$13m up for grabs
Selection process for training grant underway
A special committee is now in place to assess and score proposal submissions for the $13 million Competency-Based Training Fund (CBTF).
Following the close of the first call for proposals last week, committee members opened thirty-one training proposals from a variety of industry sectors including services, hospitality, creative industries, and energy.
The recently-appointed Technical Review and Selection Committee (TRSC) underwent two days of extensive training last week at the Higher Education Development Unit. The training workshop was facilitated by Inter-American Development Bank (IDB) Consultant Dr Juan Prawda on behalf of the CBTF Management Unit.
Dr Prawda has worked on competency-based training projects throughout Asia and Latin America. Speaking to the implementation and scope of competency-based training in other countries, Dr Prawda cited Argentina, saying that the World Bank had financed a “massive” competency-based skills development project there.
“During the project’s tenure, government included 40 sectors of the economy, they standardized or registered close to 400 occupations, they assessed more than 300,000 workers, and they ended up certifying about 120,000 persons,” he said.
Emphasizing that competency-based training (CBT) systems employ a demand-driven approach, Dr Prawda told workshop participants that the first factor in evaluating the proposals is ensuring “the occupations for which [partnerships] want to provide training have been normalized, meaning that occupational standards exist or that there is a clear plan for how they will be developed”.
The proposals submitted to the CBTF must comply with three criteria in order to be reviewed and ranked by the committee. First, proposals must be submitted by a partnership of at least one private employer and one training provider; second, the training must be based on competency-based occupational standards; and finally, the training must lead to certification by a recognised awarding body.
Dr Prawda went into detail on the proposal template used by applicants, in order to give TRSC members a clearer idea of the components successful proposals should have. Participants then reviewed three case studies using criteria and scoring weights to familiarize themselves with the procedures and tie breaking measures for proposal evaluation and scoring.
Appointed committee members include CBTF Manager Anderson Lowe, Committee Chair; Richard Greene, National Union of Public Workers; Henderson Eastmond, TVET Council; and Paul Murphy, Ministry of Education, Science, Technology and Innovation.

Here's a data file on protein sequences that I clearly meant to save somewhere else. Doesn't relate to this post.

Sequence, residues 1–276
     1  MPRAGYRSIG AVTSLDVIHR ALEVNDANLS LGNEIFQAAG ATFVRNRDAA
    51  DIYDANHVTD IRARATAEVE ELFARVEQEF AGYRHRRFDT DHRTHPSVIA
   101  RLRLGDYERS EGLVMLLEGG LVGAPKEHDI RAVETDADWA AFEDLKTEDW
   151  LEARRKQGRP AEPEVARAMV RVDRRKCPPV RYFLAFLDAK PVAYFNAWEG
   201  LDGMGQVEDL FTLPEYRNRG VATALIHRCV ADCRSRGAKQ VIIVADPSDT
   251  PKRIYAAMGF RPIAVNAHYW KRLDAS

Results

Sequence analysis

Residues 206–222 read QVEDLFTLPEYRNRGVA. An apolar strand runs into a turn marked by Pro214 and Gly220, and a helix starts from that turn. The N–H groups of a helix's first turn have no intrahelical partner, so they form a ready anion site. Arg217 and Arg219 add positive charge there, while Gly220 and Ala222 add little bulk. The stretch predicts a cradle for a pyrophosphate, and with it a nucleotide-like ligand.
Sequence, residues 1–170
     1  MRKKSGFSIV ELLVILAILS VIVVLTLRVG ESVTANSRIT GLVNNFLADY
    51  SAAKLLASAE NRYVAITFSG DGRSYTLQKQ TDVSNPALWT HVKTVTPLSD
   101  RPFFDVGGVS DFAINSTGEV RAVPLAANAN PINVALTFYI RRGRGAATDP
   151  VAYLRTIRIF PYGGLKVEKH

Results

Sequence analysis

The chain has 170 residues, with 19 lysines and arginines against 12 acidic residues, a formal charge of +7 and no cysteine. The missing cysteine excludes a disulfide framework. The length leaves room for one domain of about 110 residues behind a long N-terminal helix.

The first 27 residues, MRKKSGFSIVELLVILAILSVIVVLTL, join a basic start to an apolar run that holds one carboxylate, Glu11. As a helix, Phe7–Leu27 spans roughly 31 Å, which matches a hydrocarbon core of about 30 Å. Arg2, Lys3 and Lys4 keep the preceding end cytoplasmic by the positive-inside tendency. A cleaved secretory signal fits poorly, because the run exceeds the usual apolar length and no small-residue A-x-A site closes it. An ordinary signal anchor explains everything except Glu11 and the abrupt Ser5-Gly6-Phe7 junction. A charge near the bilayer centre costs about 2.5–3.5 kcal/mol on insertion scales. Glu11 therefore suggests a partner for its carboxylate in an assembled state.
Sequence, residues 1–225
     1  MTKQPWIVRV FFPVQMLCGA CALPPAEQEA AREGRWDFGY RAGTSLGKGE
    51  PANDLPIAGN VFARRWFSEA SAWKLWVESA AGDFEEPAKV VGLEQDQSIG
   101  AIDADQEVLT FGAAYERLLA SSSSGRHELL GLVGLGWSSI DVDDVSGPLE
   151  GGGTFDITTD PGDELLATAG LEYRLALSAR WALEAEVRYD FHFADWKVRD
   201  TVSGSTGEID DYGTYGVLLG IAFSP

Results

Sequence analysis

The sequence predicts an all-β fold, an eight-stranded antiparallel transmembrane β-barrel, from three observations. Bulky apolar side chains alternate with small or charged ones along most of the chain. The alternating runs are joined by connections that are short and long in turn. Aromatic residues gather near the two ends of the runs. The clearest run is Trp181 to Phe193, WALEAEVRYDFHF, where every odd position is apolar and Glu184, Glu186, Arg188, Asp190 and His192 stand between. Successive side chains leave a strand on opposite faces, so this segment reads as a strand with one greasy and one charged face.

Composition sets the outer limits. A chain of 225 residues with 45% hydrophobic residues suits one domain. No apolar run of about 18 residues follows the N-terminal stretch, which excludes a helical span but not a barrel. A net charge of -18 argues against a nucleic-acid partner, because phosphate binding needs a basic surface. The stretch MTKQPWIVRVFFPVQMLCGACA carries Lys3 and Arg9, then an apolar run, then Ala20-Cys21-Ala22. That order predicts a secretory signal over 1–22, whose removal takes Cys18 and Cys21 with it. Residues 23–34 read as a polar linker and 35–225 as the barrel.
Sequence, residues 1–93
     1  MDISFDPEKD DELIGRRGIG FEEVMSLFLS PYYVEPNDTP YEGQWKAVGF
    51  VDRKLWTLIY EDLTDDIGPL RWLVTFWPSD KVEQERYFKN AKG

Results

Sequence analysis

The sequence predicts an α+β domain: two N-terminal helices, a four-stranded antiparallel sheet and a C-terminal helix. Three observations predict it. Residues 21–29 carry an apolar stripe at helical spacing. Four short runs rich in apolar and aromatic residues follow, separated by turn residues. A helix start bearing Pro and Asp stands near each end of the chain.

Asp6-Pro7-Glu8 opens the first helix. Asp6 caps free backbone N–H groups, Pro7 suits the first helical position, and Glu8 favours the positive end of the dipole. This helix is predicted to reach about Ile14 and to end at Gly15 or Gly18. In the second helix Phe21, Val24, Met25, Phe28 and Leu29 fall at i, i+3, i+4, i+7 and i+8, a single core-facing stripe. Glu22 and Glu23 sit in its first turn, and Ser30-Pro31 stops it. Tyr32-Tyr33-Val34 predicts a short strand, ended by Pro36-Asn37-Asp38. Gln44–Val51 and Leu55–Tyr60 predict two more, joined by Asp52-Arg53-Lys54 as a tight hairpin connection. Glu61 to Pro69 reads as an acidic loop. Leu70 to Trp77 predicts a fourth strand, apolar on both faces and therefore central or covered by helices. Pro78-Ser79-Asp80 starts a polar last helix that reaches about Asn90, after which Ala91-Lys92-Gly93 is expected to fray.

The committee also includes private sector representative Claudia Smith, retired human resource manager of TMR Sales & Service Ltd.; and training provider representative Henderson Nurse, Erdiston Teachers’ Training College.
Smith said she was looking forward to performing her duties.
“I am pleased to be selected to be a part of the review committee as it will allow me to bring some of my human resource training to the process. I am also looking forward to the interaction with the other members as we participate in this very important selection process,” she said.
Describing the two-day training workshop as “intense”, Smith added that she found the analysis of the case studies the most useful component.
“The discussion that followed the analysis broadened our understanding of the requirements and allowed for an explanation of discrepancies in scoring,” she said.
In explaining the role of the TRSC, Lowe said that it would assess whether the proposals received comply with all the eligibility criteria; inform and return proposals to those applicants whose proposals do not comply with the three eligibility criteria, providing them with a written explanation as to why they were not considered for review so that the applicants can address issues and resubmit during a subsequent cycle; review eligible proposals and score them according to the criteria and weights outlined; and arrange the proposals in descending order according to their score and recommend to the TVET Council those that could be financed by the CBTF.
The fund manager also explained that additional criteria, though not necessary for eligibility, were being used to prioritise the selection of proposals. These criteria are: the number of workers to be trained under the proposal exceeds those to be trained from the employer’s business; the participation of sector associations and the merging of firms in partnership with the training provider; and a clear strategy of sustainability after the end of the CBTF funding period.
By mid-June, shortlisted partnerships will receive official notification of their status. Successful partnerships will receive up to $800,000 in funding with a maximum of two years to complete their training programmes.
The CBTF is a Government of Barbados/Inter-American Development Bank initiative, established to better equip the Barbadian workforce with the skills and competencies they need to excel in the 21st century market place.
A key component of the Government’s Skills For The Future education and labour initiative, the CBTF will disburse $13 million over a three-year period in four cycles of funding.
Competency-based training is a learning system which considers learners competent in an occupational area based on their demonstration of mastery skills, knowledge and attitudes. This is its key difference to traditional education which relies on acquiring content-based knowledge alone.
Learners deemed competent then receive a National (or other) Vocational Qualification certifying their expertise in that occupational area.